The EU Parliament vote broadened the scope of the new Just Transition Fund to allow for fossil gas subsidies


The headquarters of the European Commission in Belgium. (Credit: EmDee/Wikipedia)

The European Parliament has voted to allow for fossil gas subsidies to be included in the European Union’s €17.5bn green transition fund, Just Transition Fund (JTF).

The move extends the scope of the fund to include some gas projects to gain funding from the JTF, reported Reuters.

The JTF aims to help member countries transition from fossil fuel to cleaner energy and achieve EU’s net zero emissions target by 2050, according to the news agency.

Recently, the EU has announced new tougher 2030 targets to achieve 60% greenhouse gas emission cuts.

The move, however, is being opposed by several climate organisations including Climate Action Network Europe (CAN-E), a Europe’s coalition working on climate and energy issues.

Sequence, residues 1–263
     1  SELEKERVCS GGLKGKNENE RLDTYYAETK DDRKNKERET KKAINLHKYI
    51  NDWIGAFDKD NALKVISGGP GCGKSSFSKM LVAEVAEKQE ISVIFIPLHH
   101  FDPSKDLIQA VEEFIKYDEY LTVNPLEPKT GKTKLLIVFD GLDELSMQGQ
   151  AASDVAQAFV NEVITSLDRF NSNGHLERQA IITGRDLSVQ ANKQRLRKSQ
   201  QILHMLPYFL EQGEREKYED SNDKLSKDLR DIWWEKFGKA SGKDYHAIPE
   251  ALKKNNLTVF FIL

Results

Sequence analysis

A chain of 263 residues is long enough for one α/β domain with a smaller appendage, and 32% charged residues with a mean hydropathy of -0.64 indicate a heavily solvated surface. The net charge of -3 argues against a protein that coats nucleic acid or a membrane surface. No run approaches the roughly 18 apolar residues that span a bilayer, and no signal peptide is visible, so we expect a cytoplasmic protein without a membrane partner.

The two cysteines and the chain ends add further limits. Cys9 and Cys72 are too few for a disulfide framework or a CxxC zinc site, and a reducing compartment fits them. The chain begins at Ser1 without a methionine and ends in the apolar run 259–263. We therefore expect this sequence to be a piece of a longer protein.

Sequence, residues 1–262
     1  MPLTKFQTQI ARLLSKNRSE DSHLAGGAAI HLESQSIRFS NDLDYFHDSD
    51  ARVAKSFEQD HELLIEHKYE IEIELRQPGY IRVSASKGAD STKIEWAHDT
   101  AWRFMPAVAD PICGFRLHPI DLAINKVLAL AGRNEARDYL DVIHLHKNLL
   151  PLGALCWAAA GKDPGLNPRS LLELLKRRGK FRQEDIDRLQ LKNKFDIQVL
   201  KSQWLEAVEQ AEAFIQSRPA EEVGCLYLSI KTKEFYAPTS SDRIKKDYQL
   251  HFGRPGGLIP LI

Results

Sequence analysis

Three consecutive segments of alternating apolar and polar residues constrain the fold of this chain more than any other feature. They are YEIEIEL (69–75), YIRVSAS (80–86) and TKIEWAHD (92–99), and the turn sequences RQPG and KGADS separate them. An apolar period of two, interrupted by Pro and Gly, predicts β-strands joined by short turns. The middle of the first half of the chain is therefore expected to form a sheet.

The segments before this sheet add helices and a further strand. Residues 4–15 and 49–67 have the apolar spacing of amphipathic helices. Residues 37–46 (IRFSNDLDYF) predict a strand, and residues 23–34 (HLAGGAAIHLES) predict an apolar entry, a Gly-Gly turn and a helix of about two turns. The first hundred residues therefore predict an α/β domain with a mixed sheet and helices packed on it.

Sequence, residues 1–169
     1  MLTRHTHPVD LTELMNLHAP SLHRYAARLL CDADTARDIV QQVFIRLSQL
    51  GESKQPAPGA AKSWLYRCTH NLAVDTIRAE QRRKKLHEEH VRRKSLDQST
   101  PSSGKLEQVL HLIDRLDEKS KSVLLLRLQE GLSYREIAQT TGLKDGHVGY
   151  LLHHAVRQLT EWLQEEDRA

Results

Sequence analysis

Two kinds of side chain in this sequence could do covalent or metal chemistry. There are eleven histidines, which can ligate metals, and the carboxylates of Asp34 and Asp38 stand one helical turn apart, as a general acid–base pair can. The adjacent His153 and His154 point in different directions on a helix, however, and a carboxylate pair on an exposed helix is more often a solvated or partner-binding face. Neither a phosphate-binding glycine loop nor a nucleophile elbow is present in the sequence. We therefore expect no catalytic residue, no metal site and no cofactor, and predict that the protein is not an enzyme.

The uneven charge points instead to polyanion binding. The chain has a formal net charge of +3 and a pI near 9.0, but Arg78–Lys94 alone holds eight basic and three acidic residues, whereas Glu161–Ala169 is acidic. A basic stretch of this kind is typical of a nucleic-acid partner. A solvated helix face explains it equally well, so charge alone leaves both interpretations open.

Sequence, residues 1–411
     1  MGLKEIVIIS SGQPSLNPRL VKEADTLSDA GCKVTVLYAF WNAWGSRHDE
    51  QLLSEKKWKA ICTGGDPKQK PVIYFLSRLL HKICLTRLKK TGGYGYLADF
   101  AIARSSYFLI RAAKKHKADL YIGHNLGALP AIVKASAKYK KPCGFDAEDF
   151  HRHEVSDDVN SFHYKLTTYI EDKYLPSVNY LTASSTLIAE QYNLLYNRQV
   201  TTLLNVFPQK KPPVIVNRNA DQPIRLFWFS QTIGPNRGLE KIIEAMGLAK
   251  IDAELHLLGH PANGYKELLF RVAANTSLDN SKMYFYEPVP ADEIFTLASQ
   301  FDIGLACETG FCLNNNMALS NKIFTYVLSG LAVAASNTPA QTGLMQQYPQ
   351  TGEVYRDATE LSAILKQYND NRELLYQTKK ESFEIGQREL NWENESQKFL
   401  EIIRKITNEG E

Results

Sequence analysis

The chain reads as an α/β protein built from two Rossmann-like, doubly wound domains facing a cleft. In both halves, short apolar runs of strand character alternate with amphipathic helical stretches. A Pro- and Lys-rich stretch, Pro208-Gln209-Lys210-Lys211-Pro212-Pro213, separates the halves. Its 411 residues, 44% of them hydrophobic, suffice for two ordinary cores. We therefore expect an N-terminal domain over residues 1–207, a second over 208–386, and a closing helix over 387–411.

New vote contradicts EU’s 2030 greenhouse gas emissions reduction target

CAN-E said that the European Parliament’s vote contradicts its multiple commitments made earlier to end fossil fuel subsidies and the recent 2030 greenhouse gas emission cuts target.

CAN Europe finance and subsidies policy coordinator Markus Trilling said: “The European Parliament is clearly two-faced on climate action. While calling for a much needed increase in climate ambition, the Parliament also allows for more fossil fuel subsidies from the EU budget.

“Investing in fossil gas will lock-in the EU into more polluting emissions in the next decades, while making it more difficult for carbon-intensive regions to become climate neutral.

“Fossil gas is an economic dead-end in this time of economic crisis, as renewables and buildings renovation provide three times more jobs than any fossil fuel. Today’s vote is a triple loss for people, the economy, and the climate.”

In January, the EU announced a €1tn ($1.1tn) investment plan over the next decade to finance its goal of becoming the world’s first climate-neutral economic region by 2050.

Support and incentives were planned to be offered by the EU to businesses and investors in member states to facilitate the green transition.